Byron D’Andra Orey is Professor of Political Science at Jackson State University. His research interests are in political psychology, bio-politics and race and politics. He has published over thirty scholarly articles and book chapters and participated in over 100 professional conferences. He has received roughly $500,000 in grants for his research. As a professor he was selected as the national Teacher of the Year in 2008 and the Mentor of the year in 2011 by the National Conference of Black Political Scientists. D’Andra currently serves on the Executive Committees of the American Political Science Association, Southern Political Science Association and Pi Sigma Alpha. He also served on the Committee on the Status of Blacks in the Profession (APSA) and currently serves on the editorial boards for State Politics & Policy Quarterly, the Journal of Race and Policy and the Pi Sigma Alpha undergraduate journal. He holds a B.S., in Business Administration from Mississippi Valley State University, a Master’s of Public Administration from the University of Mississippi, A Master’s of Political Science from the University of New York at Stony Brook and a PhD from the University of New Orleans in Political Science.
Dr. Wesley Hogan of Duke University will present a Brown Bag talk at noon on Monday, April 17 as part of the Radical South Brown Bag series.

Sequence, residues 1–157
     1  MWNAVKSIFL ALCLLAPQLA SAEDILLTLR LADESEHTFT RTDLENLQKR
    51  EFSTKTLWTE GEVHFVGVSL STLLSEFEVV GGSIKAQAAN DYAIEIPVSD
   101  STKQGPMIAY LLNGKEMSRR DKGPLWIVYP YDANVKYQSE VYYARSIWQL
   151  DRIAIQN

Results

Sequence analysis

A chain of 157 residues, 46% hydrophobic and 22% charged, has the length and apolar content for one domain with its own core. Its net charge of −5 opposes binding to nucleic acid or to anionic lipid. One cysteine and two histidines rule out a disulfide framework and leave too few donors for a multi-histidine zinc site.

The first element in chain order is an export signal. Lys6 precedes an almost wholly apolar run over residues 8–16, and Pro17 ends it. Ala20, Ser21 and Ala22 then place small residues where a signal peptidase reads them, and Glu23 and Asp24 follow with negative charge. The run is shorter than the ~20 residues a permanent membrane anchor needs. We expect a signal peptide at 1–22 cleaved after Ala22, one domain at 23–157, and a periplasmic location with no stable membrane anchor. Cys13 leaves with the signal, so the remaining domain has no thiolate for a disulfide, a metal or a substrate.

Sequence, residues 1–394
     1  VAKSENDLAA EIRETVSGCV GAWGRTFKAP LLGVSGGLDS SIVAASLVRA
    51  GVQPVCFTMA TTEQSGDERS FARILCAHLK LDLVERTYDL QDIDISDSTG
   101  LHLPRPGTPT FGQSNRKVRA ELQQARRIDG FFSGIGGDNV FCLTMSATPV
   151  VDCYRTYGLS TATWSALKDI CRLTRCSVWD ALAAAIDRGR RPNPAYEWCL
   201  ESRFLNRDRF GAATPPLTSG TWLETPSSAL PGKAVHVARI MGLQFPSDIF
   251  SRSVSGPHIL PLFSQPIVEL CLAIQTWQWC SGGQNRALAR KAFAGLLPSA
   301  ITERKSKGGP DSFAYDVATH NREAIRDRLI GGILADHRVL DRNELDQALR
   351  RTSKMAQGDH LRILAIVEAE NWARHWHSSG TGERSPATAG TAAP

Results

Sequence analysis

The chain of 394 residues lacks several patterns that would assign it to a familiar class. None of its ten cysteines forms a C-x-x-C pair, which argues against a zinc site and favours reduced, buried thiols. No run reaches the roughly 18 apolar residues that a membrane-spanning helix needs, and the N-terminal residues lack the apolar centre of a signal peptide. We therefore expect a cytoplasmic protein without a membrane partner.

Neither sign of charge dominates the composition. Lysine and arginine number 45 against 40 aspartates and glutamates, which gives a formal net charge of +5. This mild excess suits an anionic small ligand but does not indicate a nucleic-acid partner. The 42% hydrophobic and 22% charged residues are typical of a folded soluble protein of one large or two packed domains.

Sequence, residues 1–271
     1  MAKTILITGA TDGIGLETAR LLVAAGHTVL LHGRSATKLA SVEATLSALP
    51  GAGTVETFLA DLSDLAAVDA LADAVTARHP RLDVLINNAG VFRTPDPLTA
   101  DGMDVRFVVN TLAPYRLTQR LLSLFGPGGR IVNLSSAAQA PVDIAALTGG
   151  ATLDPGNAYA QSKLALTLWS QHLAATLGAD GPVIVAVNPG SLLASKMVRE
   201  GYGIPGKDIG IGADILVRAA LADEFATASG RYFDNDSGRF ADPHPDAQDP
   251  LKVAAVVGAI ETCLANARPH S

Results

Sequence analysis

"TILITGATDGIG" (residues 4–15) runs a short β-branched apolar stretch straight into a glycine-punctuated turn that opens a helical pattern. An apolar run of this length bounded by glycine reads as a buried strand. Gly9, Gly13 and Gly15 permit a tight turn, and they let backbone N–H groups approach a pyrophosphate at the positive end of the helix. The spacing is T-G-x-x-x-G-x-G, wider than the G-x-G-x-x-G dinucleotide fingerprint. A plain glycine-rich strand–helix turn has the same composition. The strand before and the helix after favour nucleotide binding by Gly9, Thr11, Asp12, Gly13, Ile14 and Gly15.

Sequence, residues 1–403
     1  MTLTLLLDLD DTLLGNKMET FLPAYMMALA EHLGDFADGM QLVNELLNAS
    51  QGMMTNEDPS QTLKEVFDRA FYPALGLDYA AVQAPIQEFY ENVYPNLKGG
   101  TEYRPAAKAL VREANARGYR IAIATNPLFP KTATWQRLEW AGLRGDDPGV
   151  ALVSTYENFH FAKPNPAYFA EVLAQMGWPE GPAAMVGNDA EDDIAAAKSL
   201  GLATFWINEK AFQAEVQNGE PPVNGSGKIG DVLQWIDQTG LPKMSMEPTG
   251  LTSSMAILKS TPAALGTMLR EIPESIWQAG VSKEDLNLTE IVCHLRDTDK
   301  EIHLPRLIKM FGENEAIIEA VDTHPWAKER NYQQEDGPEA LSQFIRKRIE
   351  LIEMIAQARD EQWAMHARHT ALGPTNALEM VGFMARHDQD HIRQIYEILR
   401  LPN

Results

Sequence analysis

Wesley Hogan is the director of the Center for Documentary Studies at Duke University and teaches the history of youth social movements, African American history, women’s history and oral history. Her book on SNCC, Many Minds, One Heart: SNCC and the Dream for a New America (2007), won the Lillian Smith Book Award, the Scott-Bills Memorial Prize for best work in peace history, and the Library of Virginia nonfiction literary award. She was the co-director of the Institute for the Study of Race Relations at Virginia State University from 2006-2009, whose mission is to bring together community organizers, researchers, and young leaders to promote healthy communities. Between 2004-2008, she was active with the project bringing together the Algebra Project, the Young People’s Project and the Petersburg City Public Schools, and coordinated an oral history project of the civil rights movement in Petersburg. She is currently working on a post-1960s history of young people organizing in the spirit of Ella Baker, and co-facilitates a partnership between the SNCC Legacy Project and Duke, “One Person, One Vote-The Legacy of SNCC and the Fight for Voting Rights,” whose purpose is to bring the grassroots stories of the civil rights movement to a much wider public through a web portal, K12 initiative, and set of critical oral histories.
Eva Walton Kendrick of the Human Rights Campaign of Alabama will speak about the work of the HRC in the South. Eva is an alumna of the Southern Studies MA program.
Brown Bag Lectures occurs on select Wednesdays during the school year in the Tupelo Room of Barnard Observatory.